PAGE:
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About ShaydDeGrai

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  1. ShaydDeGrai

    Preventing LEGO sets from getting dusty

    Shy of a maintaining a vacuum in a sealed display case, I think keeping dust off of Lego is akin to battling entropy itself. For those without an engineering background, allow me to summarize the three laws of thermodynamics that govern the universe as we understand it: 1) You can't win. 2) You can't break even. 3) You can't stop playing. The universe WANTS there to be dust on your Lego, you can learn to live with it, or doom yourself to a never ending battle where what few victories you think you've scored are both short-lived and bought at the price of massive defeats elsewhere. Sorry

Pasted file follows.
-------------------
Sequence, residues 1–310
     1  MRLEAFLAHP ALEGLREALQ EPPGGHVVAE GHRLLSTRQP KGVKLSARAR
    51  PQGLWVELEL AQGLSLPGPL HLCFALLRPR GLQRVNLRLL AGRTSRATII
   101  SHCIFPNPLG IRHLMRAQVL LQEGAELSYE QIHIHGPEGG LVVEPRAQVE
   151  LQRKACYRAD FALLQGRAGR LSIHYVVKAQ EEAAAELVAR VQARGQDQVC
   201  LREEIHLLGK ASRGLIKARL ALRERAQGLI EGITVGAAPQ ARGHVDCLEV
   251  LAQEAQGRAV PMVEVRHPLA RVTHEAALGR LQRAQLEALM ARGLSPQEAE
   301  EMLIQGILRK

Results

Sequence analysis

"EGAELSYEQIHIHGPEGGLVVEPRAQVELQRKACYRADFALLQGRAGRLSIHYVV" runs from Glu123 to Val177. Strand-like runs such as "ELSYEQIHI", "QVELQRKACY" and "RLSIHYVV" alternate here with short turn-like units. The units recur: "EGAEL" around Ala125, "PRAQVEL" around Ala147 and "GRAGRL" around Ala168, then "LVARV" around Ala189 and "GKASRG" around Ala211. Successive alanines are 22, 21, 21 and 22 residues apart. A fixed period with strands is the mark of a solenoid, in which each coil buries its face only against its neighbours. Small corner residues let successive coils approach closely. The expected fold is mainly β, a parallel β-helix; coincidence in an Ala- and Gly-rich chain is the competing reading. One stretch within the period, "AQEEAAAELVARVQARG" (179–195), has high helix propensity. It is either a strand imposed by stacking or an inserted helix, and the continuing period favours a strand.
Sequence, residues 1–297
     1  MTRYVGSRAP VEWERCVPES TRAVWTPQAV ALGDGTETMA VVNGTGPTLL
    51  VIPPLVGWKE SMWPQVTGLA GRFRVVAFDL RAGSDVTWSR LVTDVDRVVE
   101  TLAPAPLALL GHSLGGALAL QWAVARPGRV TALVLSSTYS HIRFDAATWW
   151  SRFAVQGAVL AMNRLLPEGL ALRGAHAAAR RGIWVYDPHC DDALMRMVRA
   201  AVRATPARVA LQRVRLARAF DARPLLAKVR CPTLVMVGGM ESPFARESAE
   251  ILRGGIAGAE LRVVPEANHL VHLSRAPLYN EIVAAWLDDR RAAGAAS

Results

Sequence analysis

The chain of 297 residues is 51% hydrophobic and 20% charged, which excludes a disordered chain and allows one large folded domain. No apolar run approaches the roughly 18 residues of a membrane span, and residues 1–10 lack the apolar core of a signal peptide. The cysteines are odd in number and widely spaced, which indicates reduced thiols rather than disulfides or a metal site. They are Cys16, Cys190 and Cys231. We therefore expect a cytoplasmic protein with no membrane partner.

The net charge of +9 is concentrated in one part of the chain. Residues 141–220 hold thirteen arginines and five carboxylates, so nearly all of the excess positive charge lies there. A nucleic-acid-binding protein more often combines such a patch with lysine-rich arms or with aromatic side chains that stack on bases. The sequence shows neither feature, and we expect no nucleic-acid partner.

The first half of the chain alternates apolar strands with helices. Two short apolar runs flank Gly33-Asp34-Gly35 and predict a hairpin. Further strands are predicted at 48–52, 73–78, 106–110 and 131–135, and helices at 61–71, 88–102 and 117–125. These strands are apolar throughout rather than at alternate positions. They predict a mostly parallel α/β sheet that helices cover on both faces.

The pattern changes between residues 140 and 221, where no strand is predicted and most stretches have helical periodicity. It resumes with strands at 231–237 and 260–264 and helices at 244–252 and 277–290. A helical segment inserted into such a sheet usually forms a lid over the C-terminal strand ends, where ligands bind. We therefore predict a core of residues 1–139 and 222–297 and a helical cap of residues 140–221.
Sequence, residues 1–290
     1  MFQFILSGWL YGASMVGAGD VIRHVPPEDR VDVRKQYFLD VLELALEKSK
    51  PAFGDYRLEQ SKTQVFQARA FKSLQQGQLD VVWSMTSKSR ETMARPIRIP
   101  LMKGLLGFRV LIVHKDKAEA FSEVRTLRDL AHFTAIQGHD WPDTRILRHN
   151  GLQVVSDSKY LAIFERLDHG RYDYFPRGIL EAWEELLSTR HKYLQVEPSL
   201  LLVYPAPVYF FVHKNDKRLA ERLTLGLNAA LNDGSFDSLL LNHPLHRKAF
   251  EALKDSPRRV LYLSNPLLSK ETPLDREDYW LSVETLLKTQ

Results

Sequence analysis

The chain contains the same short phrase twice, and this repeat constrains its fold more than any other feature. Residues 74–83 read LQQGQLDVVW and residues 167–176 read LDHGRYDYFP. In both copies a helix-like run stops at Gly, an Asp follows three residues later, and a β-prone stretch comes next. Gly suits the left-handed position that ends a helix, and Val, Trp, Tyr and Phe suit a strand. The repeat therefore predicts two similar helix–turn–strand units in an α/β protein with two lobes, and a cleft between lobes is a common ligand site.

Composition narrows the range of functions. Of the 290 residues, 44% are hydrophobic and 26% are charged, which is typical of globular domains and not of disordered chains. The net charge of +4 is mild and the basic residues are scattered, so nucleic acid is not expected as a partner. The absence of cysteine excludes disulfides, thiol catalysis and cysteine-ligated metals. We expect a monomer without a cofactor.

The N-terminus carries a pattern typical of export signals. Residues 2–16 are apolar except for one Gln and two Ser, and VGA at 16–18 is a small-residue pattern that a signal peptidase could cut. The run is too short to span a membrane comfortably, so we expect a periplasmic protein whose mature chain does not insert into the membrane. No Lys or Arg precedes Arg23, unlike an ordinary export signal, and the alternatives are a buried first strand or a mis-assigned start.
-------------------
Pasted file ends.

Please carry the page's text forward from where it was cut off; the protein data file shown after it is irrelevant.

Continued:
2. ShaydDeGrai

    Can't LEGO keep up with demand?

    With all the problems in the world today, I realize this is pretty petty by comparison but I was just over at the US lego shop website hoping to pick enough stuff to get the december promotional set (for better or ill, with my buying habits 150USD usually isn't a hard bar to reach) but I cracked open my wish list (which Lego claims has 176 items, I didn't count 'em myself) and EVERY SINGLE ITEM was either sold out, out of stock or coming soon. Sure I could backorder a lot of that stuff, but honestly, it made me wish their website had a "Shop by -> Availability" option just to give me a quick, comprehensive view of what they _were_ still shipping. At least Amazon warns me: "only 3 left, order soon", etc. I haven't set foot in an actual Lego Store since the pandemic hit, but it makes me wonder if they have any inventory there or are the retail shelves as bare as their warehouses appear to be? I _did_ visit a local, independent toy store the other day and their Lego section was full, but variety was limited; it was mostly multiple copies of early 2020 sets and a few 2019 leftovers. Presumably, with the store closed for six months, everything's just been sitting there and no new stock has come in.
  3. ShaydDeGrai

    New VIP system